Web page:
Italy agrees to take in 180 migrants rescued in Mediterranean
Italy on Sunday authorised charity vessel Ocean Viking to transfer 180 migrants rescued in the Mediterranean to a ship in Sicily for quarantine, the ship's operator and the government said.
Those on board exploded with joy at the announcement that their ordeal amid the cramped conditions on the Ocean Viking would soon be over, with migrants singing, applauding and taking selfies.
"We have received instructions from the Italian maritime authorities to disembark those on board in Porto Empedocle," a spokesman for the charity SOS Mediterranee told AFP, which has a correspondent on board.
"We're very happy! We've come a long way, Libya was like hell and now at least we can see the end. I need to tell my family that I'm still alive," said Rabiul, 27, from Bangladesh.
Last week, a group of human rights activists and lawyers took a case to prosecutors at a court in Rome, asking them to determine whether the Italian authorities were complicit in an incident involving a migrant boat on Easter Sunday in which 12 people drowned and the 51 survivors were taken back to Libya, according to the InfoMigrants website.
The Ocean Viking is now heading for the port where the migrants will be transferred to the government-chartered ship, the Moby Zaza, for 14 days of quarantine.
"I can confirm that they're authorised to move to the Moby Zaza, likely tomorrow morning," interior ministry spokesman Dino Martirano said.
They have been on the Ocean Viking for more than a week, with fights and suicide attempts on board prompting the charity to declare a state of emergency on Friday.
The Ocean Viking, which has been in limbo in the Mediterranean south of Sicily, has been waiting for permission from Italy or Malta to offload the migrants at a safe port.
Tensions have risen in the past week, as witnessed by an AFP reporter, with the migrants increasingly desperate to reach land. Others have become distraught at not being able to telephone their families to let them know they were safe.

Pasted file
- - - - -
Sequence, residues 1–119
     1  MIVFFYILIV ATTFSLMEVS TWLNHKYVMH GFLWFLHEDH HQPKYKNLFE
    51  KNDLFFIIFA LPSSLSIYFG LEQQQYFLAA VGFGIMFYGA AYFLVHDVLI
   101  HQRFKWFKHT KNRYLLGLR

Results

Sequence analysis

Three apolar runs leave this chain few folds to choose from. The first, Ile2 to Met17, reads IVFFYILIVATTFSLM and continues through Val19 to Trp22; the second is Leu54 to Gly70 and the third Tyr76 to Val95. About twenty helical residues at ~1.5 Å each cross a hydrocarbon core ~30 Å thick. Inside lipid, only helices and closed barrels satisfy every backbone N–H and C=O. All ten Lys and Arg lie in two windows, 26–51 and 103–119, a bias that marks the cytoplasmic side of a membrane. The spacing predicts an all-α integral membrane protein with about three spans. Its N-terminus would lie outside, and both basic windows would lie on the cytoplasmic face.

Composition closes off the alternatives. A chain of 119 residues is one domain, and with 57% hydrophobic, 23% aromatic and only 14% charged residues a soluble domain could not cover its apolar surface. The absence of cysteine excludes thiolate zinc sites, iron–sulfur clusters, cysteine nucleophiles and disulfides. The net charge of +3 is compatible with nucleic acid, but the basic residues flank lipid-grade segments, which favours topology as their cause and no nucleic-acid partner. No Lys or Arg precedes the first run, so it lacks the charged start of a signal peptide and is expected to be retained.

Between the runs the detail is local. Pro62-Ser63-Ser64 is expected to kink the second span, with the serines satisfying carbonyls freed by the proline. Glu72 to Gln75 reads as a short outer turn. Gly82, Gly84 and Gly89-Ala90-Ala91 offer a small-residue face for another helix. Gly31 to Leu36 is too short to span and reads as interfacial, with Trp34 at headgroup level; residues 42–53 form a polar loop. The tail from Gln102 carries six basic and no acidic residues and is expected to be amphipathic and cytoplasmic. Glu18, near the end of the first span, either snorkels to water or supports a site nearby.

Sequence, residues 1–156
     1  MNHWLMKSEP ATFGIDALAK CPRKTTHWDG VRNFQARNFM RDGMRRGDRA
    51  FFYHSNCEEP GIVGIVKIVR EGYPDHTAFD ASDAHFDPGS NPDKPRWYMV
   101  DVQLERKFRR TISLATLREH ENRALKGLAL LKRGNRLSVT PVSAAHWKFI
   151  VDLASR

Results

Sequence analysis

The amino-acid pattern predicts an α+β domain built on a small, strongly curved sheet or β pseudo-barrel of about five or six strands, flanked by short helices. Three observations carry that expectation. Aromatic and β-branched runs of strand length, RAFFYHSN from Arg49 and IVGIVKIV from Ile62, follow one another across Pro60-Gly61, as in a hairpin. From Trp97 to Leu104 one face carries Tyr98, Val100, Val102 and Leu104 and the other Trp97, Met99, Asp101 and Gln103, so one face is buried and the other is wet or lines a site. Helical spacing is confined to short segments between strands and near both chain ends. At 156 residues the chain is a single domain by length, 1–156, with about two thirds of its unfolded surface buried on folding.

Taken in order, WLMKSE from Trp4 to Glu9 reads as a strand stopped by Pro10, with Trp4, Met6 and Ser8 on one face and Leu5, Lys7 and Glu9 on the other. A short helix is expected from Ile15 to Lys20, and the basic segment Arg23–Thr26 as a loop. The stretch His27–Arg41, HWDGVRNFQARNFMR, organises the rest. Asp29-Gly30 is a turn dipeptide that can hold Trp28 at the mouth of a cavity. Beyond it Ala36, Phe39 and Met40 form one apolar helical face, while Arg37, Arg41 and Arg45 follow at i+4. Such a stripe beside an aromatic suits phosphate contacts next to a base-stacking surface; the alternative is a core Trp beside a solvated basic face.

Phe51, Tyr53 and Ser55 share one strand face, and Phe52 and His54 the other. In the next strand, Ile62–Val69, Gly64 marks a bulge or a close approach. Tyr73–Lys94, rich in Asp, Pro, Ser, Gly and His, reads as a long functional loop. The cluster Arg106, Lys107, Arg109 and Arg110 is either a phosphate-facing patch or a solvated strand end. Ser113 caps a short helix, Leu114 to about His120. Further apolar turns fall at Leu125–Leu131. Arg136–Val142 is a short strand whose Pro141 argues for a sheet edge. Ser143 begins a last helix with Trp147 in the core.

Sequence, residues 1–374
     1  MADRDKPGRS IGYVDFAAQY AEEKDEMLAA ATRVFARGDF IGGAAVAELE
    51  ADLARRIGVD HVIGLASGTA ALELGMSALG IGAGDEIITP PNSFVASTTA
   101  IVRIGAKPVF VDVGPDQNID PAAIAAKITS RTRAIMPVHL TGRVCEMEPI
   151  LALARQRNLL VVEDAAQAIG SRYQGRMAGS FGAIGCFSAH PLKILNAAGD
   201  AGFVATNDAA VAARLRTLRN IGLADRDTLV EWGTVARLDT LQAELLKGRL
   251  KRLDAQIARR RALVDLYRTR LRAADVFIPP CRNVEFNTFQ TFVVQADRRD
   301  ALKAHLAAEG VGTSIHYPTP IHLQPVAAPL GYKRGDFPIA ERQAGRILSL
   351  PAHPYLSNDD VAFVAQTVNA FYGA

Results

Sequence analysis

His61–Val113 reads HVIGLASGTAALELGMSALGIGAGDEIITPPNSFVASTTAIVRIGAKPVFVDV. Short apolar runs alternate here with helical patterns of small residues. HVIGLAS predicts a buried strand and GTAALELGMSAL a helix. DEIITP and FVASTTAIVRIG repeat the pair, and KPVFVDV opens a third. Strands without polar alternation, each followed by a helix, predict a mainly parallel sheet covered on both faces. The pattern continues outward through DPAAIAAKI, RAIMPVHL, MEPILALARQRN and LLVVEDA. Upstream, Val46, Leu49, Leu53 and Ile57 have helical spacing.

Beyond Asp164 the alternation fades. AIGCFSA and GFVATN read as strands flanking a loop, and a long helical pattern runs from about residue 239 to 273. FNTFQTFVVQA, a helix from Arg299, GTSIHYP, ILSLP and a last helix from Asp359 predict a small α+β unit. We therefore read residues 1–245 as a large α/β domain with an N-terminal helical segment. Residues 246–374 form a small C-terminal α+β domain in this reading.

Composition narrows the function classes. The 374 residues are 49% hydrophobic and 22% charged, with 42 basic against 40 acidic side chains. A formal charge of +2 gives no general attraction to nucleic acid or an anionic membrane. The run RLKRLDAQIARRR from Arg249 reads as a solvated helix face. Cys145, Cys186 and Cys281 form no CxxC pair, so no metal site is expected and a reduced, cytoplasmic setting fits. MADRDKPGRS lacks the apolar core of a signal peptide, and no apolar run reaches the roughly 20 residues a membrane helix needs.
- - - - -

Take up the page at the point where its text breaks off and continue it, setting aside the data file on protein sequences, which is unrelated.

A member of the crew, Ludovic, said that he had never witnessed such violence on board a rescue vessel, after a spate of fights between migrants and threats of suicide.
The migrants, who include Pakistanis, North Africans, Eritreans, Nigerians and others, were picked up after fleeing Libya in four separate rescues by the Ocean Viking on 25 and 30 June.
"Now, a second life is in front of us, after everything we went through in Libya. Thank you Italy for offering us a second life, and to SOS Mediteranee for saving the first," said Emmanuel, 32, from Ghana.
Migrants and NGO
The migrants include 25 children, most of whom are unaccompanied by adults, and two women, one of whom is pregnant.
At times, all the members of the SOS Mediterranee rescue team have been on deck in order to calm tense situations. Some of the threats were directed at the rescuers themselves.
Rumours abounded among the groups of migrants, including that the NGO was in cahoots with Italian authorities, earning money each day the migrants were kept on board.
On Thursday, two migrants threw themselves into the Mediterranean but were rescued.
More than 18,000 people have drowned or disappeared in the Mediterranean Sea while trying to reach Europe since 2014, according to the UN’s International Organisation for Migration.
The arrival of summer and more favourable conditions at sea may lead to an increase of attempts to cross the Mediterranean with the hope of arriving in Europe.